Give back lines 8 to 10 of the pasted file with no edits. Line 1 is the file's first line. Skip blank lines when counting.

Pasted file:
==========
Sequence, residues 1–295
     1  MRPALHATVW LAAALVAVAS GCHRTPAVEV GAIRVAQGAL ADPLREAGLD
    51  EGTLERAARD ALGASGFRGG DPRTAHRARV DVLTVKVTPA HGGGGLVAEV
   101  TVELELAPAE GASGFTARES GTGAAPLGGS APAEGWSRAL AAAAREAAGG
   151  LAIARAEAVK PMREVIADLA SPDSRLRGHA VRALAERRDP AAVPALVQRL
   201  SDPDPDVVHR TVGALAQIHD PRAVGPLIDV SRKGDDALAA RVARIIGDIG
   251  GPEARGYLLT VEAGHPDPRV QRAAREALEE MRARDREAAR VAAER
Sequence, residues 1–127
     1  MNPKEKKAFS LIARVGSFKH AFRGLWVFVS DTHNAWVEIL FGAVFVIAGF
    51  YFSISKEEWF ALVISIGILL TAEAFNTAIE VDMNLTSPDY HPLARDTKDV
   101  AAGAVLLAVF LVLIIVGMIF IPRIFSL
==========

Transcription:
Sequence, residues 1–127
     1  MNPKEKKAFS LIARVGSFKH AFRGLWVFVS DTHNAWVEIL FGAVFVIAGF
    51  YFSISKEEWF ALVISIGILL TAEAFNTAIE VDMNLTSPDY HPLARDTKDV